The “Pille-MKS” thermoluminescent (TL) dosimeter system developed by the KFKI Atomic Energy Research Institute (KFKI AEKI) and BL-Electronics, consisting of 10 CaSO 4 :Dy bulb dosimeters and a compact reader, has been continuously operating on board the International Space Station (ISS) since October 2003. The dosimeter system is utilized for routine and extravehicular activity (EVA) individual dosimetry of astronauts/cosmonauts as part of the service system as well as for on board experiments, and is operated by the Institute for Biomedical Problems (IBMP). The system is unique in that it regularly provides accurate dose data right on board the space station, a feature that became increasingly important during the suspension of the Space Shuttle flights. Seven dosimeters are located at different places of the Russian segment of the ISS and are read out once a month. Two of these dosimeters are dedicated to EVAs and one is kept in the reader and will be read out automatically every 90 min. During coronal mass ejections impacting Earth some of the dosimeters serve for individual monitoring of the astronauts with readouts once or twice every day. In this paper we report the results of dosimetric measurements made on board the ISS during Expedition-8, -9 and -10 using the “Pille” portable thermoluminescent detector (TLD) system and we compare them with our previous measurements on different space stations.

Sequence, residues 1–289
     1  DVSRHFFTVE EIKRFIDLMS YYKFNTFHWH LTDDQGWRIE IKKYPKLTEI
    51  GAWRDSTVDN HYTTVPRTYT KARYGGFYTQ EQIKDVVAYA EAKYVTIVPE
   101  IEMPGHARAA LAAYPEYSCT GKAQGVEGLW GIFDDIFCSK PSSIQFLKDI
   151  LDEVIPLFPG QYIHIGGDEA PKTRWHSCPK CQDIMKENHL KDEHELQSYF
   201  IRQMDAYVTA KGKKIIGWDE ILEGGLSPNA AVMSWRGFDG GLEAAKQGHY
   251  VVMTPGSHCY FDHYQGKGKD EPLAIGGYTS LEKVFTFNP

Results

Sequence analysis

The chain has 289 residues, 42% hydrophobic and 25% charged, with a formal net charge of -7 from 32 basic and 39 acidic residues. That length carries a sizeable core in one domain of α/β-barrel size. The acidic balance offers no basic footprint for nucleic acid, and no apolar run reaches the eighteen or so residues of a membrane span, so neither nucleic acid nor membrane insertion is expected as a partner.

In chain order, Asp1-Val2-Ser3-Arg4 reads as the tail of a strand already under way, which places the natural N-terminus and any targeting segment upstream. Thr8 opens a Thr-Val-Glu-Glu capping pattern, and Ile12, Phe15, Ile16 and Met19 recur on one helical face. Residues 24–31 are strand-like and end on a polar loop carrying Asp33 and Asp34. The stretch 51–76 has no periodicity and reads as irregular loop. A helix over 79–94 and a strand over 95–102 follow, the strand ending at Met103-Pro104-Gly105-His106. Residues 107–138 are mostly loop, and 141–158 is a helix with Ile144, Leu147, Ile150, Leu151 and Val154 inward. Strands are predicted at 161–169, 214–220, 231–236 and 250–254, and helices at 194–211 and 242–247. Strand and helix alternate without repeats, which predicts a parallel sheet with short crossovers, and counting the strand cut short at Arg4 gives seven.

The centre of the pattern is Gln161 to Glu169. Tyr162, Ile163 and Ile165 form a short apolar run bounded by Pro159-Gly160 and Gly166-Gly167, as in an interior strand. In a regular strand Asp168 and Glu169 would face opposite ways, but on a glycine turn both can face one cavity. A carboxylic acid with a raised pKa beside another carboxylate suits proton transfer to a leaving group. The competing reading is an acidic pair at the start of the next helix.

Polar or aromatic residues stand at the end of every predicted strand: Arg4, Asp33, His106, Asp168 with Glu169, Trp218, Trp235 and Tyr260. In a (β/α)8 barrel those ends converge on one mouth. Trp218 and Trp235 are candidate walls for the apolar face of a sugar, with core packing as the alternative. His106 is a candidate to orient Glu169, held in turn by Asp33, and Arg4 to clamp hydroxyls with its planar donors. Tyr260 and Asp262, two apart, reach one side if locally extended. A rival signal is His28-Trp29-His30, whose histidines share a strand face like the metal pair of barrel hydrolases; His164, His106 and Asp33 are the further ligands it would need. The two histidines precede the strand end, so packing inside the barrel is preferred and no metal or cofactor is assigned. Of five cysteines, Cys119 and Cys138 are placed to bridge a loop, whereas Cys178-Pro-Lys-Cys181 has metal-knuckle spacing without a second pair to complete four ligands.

Two recent reports have indicated increased arterial stiffness in predominantly male astronauts returning from short- and long-duration missions. These results suggesting reduced arterial distensibility have widespread health implications. In addition to cushioning against the high pulsatile pressures from reaching the microcirculation and minimizing left ventricular work, the elastic nature of the aorta and carotid arteries is important for ensuring adequate coronary perfusion and for baroreflex-mediated regulation of sympathetic activity. The altered fluid distribution associated with microgravity affects arterial distending pressures, and can acutely decrease functional distensibility and potentially stimulate processes involved with vascular remodelling. PURPOSE: We are currently testing the hypothesis that long-duration exposure to microgravity is associated with reduced common carotid artery (CCA) distensibility on return to earth. METHODOLOGY: The first three participants included one man and two women. Each astronaut underwent a comprehensive vascular assessment before launch and one day after return to earth following six months aboard the International Space Station. Distensibility was assessed by ultrasonic imaging (M-mode) of the right CCA to examine rhythmic changes in vessel diameter, while simultaneously holding a pressure transducer on the left CCA. RESULTS: Contrary to our hypothesis, long duration exposure to microgravity was not associated with a reduction in distensibility (post-flight vs. pre-flight; 0.006 mmHg-1 vs. 0.004 mmHg-1). In addition, changes in secondary indicators of arterial stiffness, including carotid-ankle pulse wave transit time (PWTT) and carotid pulse pressure (cPP), were not indicative of arterial stiffening following spaceflight (PWTT: 151 ms vs. 138 ms; cPP: 48 mmHg vs. 60 mmHg). The likelihood of structural adaptation within these central arteries is not ruled out as noted by a small, but consistent increase in the diastolic cross-sectional area of the CCA lumen (0.27 cm2 vs. 0.25 cm2). CONCLUSIONS: The inability to detect signs of arterial stiffening following exposure to microgravity contrasts with earlier reports. These disparate findings, albeit by different methods, might be a consequence of the small sample number to date or the inclusion of women, who may be relatively protected from vascular change. Alternatively, it might be that current countermeasures, including daily exercise regimens, are sufficient to maintain central arterial distensibility during a six-month exposure to microgravity. Supported by Canadian Space Agency.